The MU Faculty Council approved a resolution 26-2 Thursday that would ask University of Missouri President Mun Choi to wait at least one fiscal year before enacting any policies that would reduce tenured faculty salaries or the length of contracts based on productivity reviews.

The resolution to be sent to Choi asks that faculty be involved before any policy decisions are made governing salary adjustments and contract length.

Members of the council were addressing an ongoing controversy that arose in April after 20 tenured faculty in the School of Medicine received cuts in pay based on productivity reviews. Their salaries will be reduced by as much as 25% starting Sept. 1.

The UM System adopted a temporary emergency policy during the pandemic that allowed chancellors to reduce the salaries of tenured faculty by up to 25%.

In May 2021, the system’s collected rules and regulations were amended to make this policy permanent.

At its Thursday meeting, the Faculty Council voted on the resolution from the Fiscal Affairs Committee after suspending the rules to allow members to resolve the matter before a new council is appointed this fall.

In their discussion, council members who backed the resolution said faculty in jeopardy should be able to address their performance before being disciplined.

“I think we can all agree that we should be looking to build equitable workload policies, we should be held accountable, but we need to be involved in how that’s done,” said Rabia Gregory, who represents the Department of Classics, Archaeology, and Religion on Faculty Council.

“We need to be informed about what standards and expectations are before we are subject to punishment for not meeting them.”

David Singh said making arbitrary decisions without faculty involvement is an assault on tenured faculty.

“Essentially allowing administration to vet performance metrics without input and then adjust salaries based on that is an attack on tenure, although they say it’s not,” he said.

“I regret that this motion is asking for a one-year delay instead of simply saying that the policy should be withdrawn,” said Singh, a curators’ professor in the Department of Physics and Astronomy.

MU schools and colleges have been in the process of establishing workload policies, but not all of the policies have been introduced and implemented, Gregory said. Faculty in two or three schools or colleges have been told retroactively that their salaries will be reduced in the first cuts.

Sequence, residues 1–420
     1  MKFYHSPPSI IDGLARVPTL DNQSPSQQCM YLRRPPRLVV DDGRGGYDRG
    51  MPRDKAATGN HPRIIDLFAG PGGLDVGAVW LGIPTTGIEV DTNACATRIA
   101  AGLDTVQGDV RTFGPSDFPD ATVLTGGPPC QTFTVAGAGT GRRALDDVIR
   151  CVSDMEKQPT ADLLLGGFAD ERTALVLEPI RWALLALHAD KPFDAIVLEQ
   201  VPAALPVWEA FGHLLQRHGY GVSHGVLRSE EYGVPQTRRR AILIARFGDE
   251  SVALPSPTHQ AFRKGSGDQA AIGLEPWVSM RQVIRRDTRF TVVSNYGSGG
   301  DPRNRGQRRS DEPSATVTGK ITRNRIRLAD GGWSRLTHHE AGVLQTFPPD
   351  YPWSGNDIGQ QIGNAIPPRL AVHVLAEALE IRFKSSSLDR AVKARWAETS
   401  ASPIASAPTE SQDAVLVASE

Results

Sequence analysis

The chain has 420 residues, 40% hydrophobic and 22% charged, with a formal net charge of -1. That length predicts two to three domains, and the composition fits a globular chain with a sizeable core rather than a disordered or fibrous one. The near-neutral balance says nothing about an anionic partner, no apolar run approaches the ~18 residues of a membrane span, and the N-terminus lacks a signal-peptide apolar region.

The two colleges or schools with the first cuts are the ones that have the largest number of faculty on 12-month appointments, said Pete Wilden, associate professor in the School of Medicine.

“That was the focus of the initial round, as the provost stated in an earlier Faculty Council meeting,” he said, “as well as a meeting with the dean of the School of Medicine that the chancellor and provost both attended.”

That was the first step, and additional steps would be taken progressively, he said.

“It’s worth noting that these policies are also being implemented on the UM System campuses,” Gregory said.

MU spokesperson Christian Basi said in an earlier Missourian report that the productivity reviews started in early spring and were conducted over several weeks.

Productivity reviews are a common method of measuring the performance of tenured faculty, Basi said, but salary adjustment is a relatively new tool in that process. He said the reviews and cuts are ways MU holds itself accountable.

Basi said the evaluations used in the reviews depend on the role of the person being reviewed. Research professors, for example, might be reviewed based on the number and worth of grants they bring in, the research they publish, the awareness gained by their laboratories and their success with their teaching responsibilities and interaction with students.

Included in the resolution passed Thursday by the faculty are these provisions:

• That the groups reviewing these policies be formed in conjunction with the appropriate faculty governance groups.

• That the groups reviewing these policies have a substantial number of faculty members who do not hold administrative appointments.

• That the criteria developed by these policy review groups take into account all disciplines in which faculty work.

• That the criteria should be data-driven, equitable across colleges while compatible with the unit’s mission and take into account factors beyond the control of the faculty member.

• That these criteria be disseminated to all potentially affected faculty well in advance of implementation.

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